We also plan to use the NOD-SCID mouse model (non-obese-diabetic, severe-combined-immunodeficiency) to test the effect of purging on primary human stem cells that are transplanted into NOD-SCID mice. NOD-SCID mice are a recognized in vivo model to test human cells.
Following the successful conclusion of the animal experiments, ex vivo and in vivo clinical trials to treat human leukemia patients will be conducted in accordance with applicable laws and regulations.
Toxins Suitable for Use in the Present Invention
In addition to the HSV-tk gene, genes encoding any of a number of other toxins may also be used in the present invention. As used in the specification and claims, a “toxin” may either be a molecule that is directly toxic to a cell expressing the molecule, or a molecule that is conditionally toxic, e.g., one that depends on the presence of a co-factor (e.g., ganciclovir) for toxicity. Preferably, a toxin should have the following characteristics:
(1) The toxin should be capable of being readily produced under the regulatory control of a promoter, i.e., a peptide or protein. For example, a suitable toxin may be one of the many toxic peptides known in the art.
(2) The toxin should kill only the cell in which it is expressed, and not neighboring cells.
There are numerous toxins from plants, animals, and bacteria satisfying these criteria. For example, there are many bacterial toxins that use an A/B subunit motif, in which the A subunit is toxic once it enters a cell but has no ability to cross cell membranes unassisted, and in which the B subunit (or multi-subunit complex) binds to cells but has no toxicity on its own. The A subunit, even when injected systemically, is non-toxic. See, e.g., Balfanz, L., Rautenberg, P., and U. Ullmann. 1996. Molecular mechanisms of action of bacterial exotoxins. Zb1. Bakt. 284: 170-206.; Middlebrook, J. L. and R. B. Dorland. 1984. Bacterial toxins: cellular mechanisms of action. Microbiological Reviews. 48: 199-221. Nucleic acids coding for the A or active subunit could be used in this invention because the A subunit will already be inside the cell when it is produced, so it will not be necessary to include sequences coding for the B or cell-binding component. The A subunit will kill the cell in which it is expressed, but will not damage other cells when released by cell lysis because the A subunit could not gain access to the interior of other cells. Examples include the A subunit of cholera toxin, which destroys ion balance, and the A subunit of diphtheria toxin, which terminates protein synthesis. Other toxins comprise a single peptide chain having separate domains, where one domain functions to enable entry into the cell and a second domain is toxic. Such a multidomain peptide toxin could be truncated, using genetic engineering to produce a construct that only codes for the toxin domain. Use of a truncated toxin that is only expressed within target cells, and that cannot enter other cells, avoids the problem of general toxicity with respect to nontarget cells. One example of a truncated toxin that has been used in other systems to kill artificially targeted cells is the truncated form of exotoxin A from Pseudomonas aeruginosa. Pastan, I., and FitzGerald, D. 1991. Recombinant toxins for cancer treatment. Science 254: 1173-1177. The commonly used ricin toxin from plants also uses this same type of A/B subunit motif. Lee, H. P. et al., “Immunotoxin Therapy for Cancer,” JAMA, vol. 269, pp. 78-81 (1993).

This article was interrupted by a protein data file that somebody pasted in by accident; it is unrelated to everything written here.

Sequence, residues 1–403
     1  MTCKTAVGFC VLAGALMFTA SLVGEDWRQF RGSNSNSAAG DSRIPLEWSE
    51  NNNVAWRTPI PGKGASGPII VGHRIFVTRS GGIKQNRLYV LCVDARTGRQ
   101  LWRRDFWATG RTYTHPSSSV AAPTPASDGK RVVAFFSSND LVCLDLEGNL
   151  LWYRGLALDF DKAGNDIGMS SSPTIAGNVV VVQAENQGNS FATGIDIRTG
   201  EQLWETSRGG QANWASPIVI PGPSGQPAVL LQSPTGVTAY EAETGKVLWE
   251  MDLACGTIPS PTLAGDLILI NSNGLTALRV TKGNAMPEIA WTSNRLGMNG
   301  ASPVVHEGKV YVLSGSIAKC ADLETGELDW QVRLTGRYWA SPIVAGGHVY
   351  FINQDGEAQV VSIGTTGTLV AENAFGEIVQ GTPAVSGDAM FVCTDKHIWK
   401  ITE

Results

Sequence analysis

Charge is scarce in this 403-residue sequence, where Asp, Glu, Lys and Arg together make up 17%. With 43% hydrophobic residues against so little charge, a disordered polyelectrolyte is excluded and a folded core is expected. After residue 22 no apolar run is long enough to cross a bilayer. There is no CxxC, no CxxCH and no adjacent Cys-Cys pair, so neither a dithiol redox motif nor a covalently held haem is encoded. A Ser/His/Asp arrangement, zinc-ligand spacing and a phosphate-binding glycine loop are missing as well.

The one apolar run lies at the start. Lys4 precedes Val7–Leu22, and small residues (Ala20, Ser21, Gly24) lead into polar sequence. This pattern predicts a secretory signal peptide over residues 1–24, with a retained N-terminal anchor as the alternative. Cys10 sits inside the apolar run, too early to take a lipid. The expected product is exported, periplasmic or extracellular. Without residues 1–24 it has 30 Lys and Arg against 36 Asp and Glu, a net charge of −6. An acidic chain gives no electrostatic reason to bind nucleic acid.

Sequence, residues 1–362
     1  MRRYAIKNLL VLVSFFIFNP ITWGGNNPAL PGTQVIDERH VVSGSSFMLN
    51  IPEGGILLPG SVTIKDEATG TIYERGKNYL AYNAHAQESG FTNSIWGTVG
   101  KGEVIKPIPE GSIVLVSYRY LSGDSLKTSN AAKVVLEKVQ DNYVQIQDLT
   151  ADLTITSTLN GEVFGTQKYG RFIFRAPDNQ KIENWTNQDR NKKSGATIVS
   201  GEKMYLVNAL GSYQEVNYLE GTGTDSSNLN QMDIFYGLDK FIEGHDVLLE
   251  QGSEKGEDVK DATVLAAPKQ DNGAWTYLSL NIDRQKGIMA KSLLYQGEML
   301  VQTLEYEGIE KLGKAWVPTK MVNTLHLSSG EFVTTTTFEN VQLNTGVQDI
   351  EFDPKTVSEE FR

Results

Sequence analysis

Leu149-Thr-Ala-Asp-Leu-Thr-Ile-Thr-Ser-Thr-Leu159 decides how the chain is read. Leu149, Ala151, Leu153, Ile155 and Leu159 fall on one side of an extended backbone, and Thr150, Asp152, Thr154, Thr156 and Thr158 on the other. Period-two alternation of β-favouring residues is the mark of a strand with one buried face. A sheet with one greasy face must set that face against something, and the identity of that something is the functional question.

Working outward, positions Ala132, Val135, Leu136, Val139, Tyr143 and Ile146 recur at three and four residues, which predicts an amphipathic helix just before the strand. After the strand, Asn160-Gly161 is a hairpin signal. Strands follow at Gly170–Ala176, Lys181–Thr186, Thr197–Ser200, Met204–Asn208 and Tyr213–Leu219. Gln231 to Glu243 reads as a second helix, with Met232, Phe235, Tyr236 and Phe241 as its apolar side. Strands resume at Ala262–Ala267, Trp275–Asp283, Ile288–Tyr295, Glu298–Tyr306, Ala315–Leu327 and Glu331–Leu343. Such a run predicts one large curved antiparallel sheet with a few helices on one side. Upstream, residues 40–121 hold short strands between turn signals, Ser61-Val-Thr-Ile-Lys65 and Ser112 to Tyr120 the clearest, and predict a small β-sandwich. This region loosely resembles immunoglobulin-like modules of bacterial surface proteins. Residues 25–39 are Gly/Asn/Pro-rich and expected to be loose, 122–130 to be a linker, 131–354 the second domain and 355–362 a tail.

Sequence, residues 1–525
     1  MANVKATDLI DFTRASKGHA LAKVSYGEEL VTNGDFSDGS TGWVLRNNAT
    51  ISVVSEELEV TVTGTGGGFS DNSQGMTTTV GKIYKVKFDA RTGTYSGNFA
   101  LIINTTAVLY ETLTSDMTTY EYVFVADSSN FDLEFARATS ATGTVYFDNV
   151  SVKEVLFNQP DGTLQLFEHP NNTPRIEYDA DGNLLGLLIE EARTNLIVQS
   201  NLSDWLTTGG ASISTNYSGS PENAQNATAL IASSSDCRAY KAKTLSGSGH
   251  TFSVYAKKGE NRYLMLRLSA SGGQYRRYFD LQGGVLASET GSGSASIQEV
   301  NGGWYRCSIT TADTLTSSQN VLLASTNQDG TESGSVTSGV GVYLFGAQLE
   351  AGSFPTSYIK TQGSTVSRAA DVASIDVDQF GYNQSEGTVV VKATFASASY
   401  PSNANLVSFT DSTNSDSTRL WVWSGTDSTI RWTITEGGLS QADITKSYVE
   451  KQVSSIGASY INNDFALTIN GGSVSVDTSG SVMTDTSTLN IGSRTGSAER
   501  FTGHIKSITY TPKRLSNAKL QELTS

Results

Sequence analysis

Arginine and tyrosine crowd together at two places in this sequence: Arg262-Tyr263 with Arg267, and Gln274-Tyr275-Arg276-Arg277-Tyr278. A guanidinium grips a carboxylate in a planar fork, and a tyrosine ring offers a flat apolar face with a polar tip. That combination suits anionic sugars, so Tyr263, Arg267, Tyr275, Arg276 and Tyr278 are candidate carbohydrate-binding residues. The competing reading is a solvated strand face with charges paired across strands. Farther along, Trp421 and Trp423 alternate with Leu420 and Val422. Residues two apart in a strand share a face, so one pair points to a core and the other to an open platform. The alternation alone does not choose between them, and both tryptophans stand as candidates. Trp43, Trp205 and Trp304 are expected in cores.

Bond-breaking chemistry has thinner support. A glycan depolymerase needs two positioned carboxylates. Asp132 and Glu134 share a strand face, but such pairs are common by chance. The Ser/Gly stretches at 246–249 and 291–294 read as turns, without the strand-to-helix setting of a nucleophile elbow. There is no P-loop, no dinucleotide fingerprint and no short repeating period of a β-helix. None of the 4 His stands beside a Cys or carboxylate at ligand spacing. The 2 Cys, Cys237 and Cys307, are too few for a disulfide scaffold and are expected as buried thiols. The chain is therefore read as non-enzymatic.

With such “catalytic” toxins, very few toxin molecules—even as few as a single molecule—would need to be expressed to kill a target cell. Catalytic toxins such as diphtheria toxin A polypeptide have been successfully used (in another context) to selectively kill cell lineages in transgenic mice. See R. Palmiter et al., “Cell lineage ablation in transgenic mice by cell-specific expression of a toxin gene,” Cell, vol. 50, pp. 435-443 (1987).
Other classes of “non-catalytic” peptide toxins may also be useful, such as the class of peptides called “lytic peptides,” or “antimicrobial amphipathic peptides.” These peptides are relatively small, generally containing 20 to 50 amino acids (or even fewer), and are capable of forming an amphipathic alpha helix in a hydrophobic environment, wherein at least part of one face is predominantly hydrophobic and at least part of the other face is predominately hydrophilic and is positively charged at physiological pH. Such structures can be predicted by applying the amino acid sequence to the Edmundson helical wheel (Schiffer, M., and A. B. Edmundson. 1967. Use of the helical wheel to represent the structures of proteins and to identify segments with helical potential. Biophys. J. 7:121-135.). In addition to their small size, such peptides are widely distributed in nature and vary significantly in toxicity. They can also be designed to possess different levels of lytic activity. Typically, when applied to cells in culture, a few micrograms per ml are required to kill the cells. The level of toxicity of lytic peptides is determined by the amino acid composition and sequence. Different peptides can have widely differing levels of toxicity. In addition, relatively few molecules should be needed to kill a cell if the cell produces the molecules internally. A further discussion of lytic peptides suitable for use in this invention appears below.